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Boletín de la Sociedad Geológica Mexicana

versión impresa ISSN 1405-3322


TORRES-GUERRERO, Carlos Alberto et al. Quantification of soil components in thin sections: High resolution mosaics versus individual images. Bol. Soc. Geol. Mex [online]. 2020, vol.72, n.1, e300919.  Epub 22-Dic-2020. ISSN 1405-3322.

Changes in soil structure can be monitored in undisturbed soil samples through the micromorphometric analysis of thin sections. In this methodology, it is common that individual images (three to ten repetitions) are used and that they cannot be related in different scales between soil components; in addition, although a minimum study area is established, its representativeness in the soil components is unknown. The objective of this study was to quantify the soil constituent (pores, aggregates, and roots) and to compare the values obtained from individual images versus high-resolution mosaics from a complete thin section. Unaltered samples were collected in three soils with different clay contents (Entisols, Inceptisols, and Vertisols) and presence of maize roots in the same phenological development stage (physiological maturity). Three thin sections of each soil (5 × 7 cm × 30 μm 1865 mm2) were prepared and sequential images of 11.1× 7.4 mm (63 in total) were obtained at 2× magnification using a petrographic microscope and plane polarized light (PPL). The high-resolution mosaics (2.6 µm píxel-1) at a colour depth 24 bits (8 bits × 3 bands in standard RGB) were built using space operators; subsequently, three, five and ten images were randomly selected. The individual images and the mosaics were transformed by principal component analysis in ArcGis® and soil constituents were delimited according to their variances values. The results indicate that individual images are recommended only to quantify porosity or in homogeneous systems in structure and color, but not in heterogeneous systems where the data obtained show high variability. Even when the results are similar to those calculated in the mosaics, the dispersion of the data is high (variance 5 times greater than the mean) and with little representation. In contrast, high-resolution mosaics offer the total quantification of the thin section and soil components can be grouped into classes or categories to observe intra or inter relations in the soil system. In addition, the soil components can be related to different scales, for example macroaggregates and roots.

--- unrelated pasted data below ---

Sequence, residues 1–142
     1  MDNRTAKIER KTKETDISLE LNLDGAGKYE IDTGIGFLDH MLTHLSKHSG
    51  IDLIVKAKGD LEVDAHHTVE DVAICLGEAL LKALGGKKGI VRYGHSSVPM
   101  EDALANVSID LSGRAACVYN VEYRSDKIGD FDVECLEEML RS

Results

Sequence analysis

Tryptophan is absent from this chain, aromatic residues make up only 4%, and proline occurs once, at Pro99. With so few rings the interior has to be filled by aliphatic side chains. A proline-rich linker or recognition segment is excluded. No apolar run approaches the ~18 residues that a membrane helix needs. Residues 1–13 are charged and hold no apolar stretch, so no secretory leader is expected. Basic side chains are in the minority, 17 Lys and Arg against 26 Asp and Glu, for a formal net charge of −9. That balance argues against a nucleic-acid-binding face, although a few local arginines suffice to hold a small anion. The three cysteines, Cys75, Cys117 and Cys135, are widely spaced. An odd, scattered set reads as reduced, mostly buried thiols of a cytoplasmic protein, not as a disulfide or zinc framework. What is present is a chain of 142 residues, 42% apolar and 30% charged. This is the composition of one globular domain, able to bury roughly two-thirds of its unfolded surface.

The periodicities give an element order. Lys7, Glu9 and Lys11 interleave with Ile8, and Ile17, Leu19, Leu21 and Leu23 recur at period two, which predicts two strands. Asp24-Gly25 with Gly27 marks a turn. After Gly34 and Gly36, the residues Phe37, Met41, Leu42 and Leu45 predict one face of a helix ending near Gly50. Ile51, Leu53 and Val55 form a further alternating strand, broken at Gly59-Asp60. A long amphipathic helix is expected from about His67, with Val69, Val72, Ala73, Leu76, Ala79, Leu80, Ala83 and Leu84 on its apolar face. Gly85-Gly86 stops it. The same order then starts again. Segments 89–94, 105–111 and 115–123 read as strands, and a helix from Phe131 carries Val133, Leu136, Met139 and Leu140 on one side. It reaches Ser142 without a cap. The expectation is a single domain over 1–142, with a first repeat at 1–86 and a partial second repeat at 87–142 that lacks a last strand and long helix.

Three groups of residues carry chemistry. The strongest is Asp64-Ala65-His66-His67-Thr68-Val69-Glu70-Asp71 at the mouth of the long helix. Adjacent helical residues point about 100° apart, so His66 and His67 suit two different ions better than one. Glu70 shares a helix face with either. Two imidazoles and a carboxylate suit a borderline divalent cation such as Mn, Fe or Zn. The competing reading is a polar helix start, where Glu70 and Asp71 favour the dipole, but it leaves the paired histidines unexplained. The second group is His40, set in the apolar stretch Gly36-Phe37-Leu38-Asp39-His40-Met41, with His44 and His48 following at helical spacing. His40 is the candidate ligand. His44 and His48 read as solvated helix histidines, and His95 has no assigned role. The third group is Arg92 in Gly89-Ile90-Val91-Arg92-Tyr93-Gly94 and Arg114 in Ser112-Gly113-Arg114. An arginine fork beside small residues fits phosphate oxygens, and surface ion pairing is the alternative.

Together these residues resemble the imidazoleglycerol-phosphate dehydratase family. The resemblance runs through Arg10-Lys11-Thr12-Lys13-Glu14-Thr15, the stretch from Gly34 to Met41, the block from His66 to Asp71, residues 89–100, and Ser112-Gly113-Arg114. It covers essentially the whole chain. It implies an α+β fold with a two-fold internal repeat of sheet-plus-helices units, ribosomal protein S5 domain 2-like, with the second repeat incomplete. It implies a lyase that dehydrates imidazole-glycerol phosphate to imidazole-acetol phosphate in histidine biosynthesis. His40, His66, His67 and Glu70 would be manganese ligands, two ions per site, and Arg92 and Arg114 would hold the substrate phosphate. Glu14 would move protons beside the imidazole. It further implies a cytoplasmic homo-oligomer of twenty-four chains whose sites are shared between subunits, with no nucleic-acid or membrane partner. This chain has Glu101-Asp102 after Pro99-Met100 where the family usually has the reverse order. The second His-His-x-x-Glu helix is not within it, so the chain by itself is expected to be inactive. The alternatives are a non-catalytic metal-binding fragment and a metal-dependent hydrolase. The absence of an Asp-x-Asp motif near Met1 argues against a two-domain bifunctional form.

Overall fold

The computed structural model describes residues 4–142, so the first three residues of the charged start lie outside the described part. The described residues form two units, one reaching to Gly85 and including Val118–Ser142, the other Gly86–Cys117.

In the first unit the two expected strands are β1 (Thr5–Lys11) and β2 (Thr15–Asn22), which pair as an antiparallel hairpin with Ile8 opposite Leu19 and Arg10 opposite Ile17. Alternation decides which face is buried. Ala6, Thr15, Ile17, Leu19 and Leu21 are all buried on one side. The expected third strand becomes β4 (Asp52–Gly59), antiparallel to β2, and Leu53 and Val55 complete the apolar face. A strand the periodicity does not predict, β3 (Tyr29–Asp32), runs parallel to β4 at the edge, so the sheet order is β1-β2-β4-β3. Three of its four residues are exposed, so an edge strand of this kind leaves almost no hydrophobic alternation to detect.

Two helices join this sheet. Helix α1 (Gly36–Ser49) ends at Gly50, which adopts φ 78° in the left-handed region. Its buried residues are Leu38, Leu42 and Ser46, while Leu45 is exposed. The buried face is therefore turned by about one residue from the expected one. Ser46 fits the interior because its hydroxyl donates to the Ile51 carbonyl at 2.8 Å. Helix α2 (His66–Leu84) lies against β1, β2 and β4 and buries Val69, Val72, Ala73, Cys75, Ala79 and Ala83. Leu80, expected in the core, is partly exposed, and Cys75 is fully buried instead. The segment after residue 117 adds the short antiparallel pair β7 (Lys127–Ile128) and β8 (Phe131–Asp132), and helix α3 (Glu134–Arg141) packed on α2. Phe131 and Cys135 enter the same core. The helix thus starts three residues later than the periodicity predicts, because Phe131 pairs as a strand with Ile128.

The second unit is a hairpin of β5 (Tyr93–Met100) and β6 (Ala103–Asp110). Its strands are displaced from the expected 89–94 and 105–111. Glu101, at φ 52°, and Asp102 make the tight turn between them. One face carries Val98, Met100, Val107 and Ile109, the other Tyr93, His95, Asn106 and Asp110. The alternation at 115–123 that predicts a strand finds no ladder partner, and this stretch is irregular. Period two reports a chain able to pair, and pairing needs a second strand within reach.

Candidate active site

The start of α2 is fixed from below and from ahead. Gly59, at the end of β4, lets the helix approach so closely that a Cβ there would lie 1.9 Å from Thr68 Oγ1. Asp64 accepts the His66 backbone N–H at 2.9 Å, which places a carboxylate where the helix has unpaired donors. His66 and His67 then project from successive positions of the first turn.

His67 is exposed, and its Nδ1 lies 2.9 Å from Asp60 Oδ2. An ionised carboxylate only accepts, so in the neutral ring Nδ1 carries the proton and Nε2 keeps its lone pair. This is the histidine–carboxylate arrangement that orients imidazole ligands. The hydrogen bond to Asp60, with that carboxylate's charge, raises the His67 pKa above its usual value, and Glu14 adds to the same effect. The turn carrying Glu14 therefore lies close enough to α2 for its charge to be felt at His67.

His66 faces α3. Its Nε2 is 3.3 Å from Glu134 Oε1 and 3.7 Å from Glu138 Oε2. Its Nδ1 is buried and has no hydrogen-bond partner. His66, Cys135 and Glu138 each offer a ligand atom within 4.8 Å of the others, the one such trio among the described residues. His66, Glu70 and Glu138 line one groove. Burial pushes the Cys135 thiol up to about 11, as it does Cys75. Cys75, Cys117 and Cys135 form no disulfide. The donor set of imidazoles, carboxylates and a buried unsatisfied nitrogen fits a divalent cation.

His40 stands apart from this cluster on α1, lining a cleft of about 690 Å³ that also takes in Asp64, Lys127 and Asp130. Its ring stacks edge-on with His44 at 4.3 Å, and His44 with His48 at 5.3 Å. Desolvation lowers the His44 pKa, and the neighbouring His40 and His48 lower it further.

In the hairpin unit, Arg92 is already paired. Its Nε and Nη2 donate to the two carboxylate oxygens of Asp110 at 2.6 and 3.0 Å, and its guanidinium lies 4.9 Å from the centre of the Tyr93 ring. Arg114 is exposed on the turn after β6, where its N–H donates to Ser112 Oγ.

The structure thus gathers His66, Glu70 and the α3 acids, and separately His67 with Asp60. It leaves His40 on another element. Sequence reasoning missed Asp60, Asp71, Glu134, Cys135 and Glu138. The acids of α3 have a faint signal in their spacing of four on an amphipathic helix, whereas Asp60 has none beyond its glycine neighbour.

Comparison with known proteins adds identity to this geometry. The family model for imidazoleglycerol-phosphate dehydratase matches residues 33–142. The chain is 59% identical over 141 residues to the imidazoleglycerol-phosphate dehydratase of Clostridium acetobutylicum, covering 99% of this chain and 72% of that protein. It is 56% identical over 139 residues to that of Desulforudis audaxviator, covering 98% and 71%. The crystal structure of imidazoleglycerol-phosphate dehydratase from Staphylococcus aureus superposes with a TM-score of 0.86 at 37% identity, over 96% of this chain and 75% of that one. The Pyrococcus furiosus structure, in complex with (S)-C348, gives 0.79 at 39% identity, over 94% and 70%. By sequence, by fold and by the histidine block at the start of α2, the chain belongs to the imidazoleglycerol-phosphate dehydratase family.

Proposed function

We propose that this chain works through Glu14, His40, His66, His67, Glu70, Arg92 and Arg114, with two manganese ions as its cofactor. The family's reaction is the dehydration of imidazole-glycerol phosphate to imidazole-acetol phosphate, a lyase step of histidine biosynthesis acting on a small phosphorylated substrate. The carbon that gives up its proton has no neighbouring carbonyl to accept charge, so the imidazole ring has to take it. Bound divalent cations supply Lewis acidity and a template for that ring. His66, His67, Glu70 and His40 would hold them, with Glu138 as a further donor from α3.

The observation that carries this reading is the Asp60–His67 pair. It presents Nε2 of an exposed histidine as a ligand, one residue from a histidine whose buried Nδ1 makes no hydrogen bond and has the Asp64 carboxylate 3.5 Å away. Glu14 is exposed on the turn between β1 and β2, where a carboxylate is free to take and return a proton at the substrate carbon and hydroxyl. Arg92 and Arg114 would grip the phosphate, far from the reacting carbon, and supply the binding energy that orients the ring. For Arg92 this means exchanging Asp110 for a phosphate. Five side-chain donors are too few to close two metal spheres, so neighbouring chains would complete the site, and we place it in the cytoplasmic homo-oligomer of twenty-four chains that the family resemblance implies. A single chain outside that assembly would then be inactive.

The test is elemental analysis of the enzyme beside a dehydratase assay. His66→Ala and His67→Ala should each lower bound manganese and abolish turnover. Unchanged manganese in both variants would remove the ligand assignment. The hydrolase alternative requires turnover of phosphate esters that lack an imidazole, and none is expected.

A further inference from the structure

Palabras llave : Image analysis; segmentation; pedofeatures; principal component analysis; micromorphometry.

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